Persistent T-cell exhaustion in relation to prolonged pulmonary pathology and death after severe COVID-19: Results from two Norwegian cohort studies
Trøseid, Marius; Dahl, Tuva Børresdatter; Holter, Jan Cato; Kildal, Anders Benjamin; Murphy, Sarah Louise Mikalsen; Yang, Kuan; Quiles Jimenez, Ana Maria Teresa; Heggelund, Lars; Muller, Karl Erik; Tveita, Anders Aune; Michelsen, Annika Elisabet; Bøe, Simen; Holten, Aleksander Rygh; Hoel, Hedda Benedicte; Mathiessen, Alexander; Aaløkken, Trond Mogens; Fevang, Børre; Granerud, Beathe Kiland; Tonby, Kristian; Nezvalova-Henriksen, Katerina; Lerum, Tøri Vigeland; Müller, Fredrik; Skjønsberg, Ole Henning; Barratt-Due, Andreas; Riise, Anne Margarita Dyrhol; Aukrust, Pål; Halvorsen, Bente Evy; Ueland, Thor
Journal article, Peer reviewed
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Original versionJournal of Internal Medicine. 2022, 292 (5), 816-828. 10.1111/joim.13549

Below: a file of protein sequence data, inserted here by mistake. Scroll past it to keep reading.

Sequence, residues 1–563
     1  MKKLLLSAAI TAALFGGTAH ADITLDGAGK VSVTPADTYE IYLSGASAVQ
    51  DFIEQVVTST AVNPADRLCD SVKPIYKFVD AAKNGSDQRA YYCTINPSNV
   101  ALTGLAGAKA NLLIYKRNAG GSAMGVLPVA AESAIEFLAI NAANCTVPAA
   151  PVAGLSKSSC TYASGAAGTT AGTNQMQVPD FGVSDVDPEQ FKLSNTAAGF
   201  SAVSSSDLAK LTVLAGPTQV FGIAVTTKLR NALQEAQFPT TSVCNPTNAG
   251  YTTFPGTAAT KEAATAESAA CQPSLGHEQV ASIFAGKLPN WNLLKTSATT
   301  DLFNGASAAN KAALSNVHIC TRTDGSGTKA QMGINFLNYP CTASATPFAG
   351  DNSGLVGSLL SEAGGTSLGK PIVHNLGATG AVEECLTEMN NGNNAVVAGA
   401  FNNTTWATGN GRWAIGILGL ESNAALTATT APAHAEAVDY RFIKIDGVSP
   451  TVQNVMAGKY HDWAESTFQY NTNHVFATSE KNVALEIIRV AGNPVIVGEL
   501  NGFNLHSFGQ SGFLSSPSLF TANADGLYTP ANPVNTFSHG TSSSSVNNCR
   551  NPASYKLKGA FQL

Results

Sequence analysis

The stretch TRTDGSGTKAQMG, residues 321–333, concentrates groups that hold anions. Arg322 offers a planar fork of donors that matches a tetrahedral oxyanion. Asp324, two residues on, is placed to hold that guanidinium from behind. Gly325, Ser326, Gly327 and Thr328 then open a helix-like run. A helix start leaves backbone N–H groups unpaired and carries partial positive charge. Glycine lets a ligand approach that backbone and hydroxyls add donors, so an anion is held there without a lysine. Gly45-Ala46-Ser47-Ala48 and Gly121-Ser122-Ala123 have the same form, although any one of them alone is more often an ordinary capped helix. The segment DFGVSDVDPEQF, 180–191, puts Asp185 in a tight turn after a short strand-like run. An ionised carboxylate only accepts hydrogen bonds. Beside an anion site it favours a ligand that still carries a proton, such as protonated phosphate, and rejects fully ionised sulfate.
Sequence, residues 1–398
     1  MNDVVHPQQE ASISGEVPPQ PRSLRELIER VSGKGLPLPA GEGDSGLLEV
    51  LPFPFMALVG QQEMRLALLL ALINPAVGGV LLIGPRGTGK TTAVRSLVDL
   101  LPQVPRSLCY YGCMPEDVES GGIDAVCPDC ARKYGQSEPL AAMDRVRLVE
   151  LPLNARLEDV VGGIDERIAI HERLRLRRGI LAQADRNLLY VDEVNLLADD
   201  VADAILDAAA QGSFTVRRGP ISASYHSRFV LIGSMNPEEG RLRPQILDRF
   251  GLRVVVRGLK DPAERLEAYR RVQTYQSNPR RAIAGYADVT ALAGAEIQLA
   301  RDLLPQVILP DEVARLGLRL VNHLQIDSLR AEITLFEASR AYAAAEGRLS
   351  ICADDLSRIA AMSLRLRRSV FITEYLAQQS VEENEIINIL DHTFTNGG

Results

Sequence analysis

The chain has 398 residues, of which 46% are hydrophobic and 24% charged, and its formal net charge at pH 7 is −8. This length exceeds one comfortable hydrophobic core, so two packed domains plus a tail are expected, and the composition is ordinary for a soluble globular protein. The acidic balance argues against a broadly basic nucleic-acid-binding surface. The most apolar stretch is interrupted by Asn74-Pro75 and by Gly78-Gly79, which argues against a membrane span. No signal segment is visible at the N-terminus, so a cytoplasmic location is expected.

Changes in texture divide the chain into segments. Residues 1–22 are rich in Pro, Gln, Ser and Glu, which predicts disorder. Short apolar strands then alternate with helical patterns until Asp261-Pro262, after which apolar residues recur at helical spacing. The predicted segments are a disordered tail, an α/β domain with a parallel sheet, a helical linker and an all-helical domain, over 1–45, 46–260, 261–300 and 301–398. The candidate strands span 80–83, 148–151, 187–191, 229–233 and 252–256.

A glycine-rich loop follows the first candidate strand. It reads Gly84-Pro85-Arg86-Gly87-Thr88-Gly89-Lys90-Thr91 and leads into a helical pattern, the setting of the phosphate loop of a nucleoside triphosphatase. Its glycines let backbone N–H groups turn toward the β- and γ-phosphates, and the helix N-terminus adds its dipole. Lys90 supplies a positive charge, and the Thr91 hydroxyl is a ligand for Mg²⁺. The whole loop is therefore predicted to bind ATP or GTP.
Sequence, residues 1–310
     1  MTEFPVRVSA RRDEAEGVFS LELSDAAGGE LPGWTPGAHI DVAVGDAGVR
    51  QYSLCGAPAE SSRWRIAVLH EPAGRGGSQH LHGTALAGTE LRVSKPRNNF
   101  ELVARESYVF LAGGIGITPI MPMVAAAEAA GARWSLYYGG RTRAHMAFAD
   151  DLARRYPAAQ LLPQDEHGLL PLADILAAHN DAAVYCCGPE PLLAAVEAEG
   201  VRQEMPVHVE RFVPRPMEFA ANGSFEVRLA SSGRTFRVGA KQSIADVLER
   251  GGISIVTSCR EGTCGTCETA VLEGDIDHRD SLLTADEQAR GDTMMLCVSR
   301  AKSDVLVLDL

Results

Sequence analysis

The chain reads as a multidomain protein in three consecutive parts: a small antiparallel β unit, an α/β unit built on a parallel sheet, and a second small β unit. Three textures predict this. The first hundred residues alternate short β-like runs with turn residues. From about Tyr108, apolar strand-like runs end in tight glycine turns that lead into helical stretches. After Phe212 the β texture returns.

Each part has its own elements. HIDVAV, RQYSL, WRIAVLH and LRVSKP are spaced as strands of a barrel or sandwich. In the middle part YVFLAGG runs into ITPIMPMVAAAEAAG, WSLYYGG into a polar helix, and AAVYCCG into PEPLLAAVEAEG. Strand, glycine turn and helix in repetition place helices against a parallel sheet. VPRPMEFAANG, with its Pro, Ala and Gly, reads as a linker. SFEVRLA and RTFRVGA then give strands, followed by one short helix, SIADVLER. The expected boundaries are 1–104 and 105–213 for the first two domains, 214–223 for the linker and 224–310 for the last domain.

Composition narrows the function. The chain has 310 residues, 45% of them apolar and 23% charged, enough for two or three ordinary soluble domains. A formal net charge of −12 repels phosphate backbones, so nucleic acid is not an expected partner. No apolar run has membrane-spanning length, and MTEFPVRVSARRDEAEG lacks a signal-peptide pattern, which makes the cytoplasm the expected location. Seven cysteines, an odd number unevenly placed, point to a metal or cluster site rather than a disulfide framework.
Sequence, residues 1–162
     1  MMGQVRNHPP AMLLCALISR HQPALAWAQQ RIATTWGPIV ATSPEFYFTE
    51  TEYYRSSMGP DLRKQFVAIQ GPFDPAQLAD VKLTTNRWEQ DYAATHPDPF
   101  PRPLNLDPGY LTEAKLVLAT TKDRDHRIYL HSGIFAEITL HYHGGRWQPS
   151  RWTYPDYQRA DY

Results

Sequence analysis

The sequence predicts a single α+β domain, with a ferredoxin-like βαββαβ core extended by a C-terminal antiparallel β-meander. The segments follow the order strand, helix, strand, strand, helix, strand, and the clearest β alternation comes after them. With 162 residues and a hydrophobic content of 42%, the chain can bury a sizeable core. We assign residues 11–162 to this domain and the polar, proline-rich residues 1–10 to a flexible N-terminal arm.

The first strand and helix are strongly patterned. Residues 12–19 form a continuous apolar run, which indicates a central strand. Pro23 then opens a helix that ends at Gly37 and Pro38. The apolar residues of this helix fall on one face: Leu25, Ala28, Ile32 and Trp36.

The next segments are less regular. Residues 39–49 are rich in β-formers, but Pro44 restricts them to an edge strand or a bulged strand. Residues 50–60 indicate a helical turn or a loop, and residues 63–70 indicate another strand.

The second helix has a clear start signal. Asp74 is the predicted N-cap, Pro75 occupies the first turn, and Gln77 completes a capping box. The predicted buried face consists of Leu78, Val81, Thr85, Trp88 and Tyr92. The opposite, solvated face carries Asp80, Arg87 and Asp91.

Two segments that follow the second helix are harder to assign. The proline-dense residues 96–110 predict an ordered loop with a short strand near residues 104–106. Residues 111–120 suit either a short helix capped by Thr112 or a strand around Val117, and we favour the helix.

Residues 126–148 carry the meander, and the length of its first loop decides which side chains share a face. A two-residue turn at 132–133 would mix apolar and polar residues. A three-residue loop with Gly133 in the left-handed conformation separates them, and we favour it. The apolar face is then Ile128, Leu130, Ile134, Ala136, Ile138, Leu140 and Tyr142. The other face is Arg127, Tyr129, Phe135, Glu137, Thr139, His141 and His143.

Background: T-cell activation is associated with an adverse outcome in COVID-19, but whether T-cell activation and exhaustion relate to persistent respiratory dysfunction and death is unknown. Objectives: To investigate whether T-cell activation and exhaustion persist and are associated with prolonged respiratory dysfunction and death after hospitalization for COVID-19. Methods: Plasma and serum from two Norwegian cohorts of hospitalized patients with COVID-19 (n = 414) were analyzed for soluble (s) markers of T-cell activation (sCD25) and exhaustion (sTim-3) during hospitalization and follow-up. Results: Both markers were strongly associated with acute respiratory failure, but only sTim-3 was independently associated with 60-day mortality. Levels of sTim-3 remained elevated 3 and 12 months after hospitalization and were associated with pulmonary radiological pathology after 3 months. Conclusion: Our findings suggest prolonged T-cell exhaustion is an important immunological sequela, potentially related to long-term outcomes after severe COVID-19.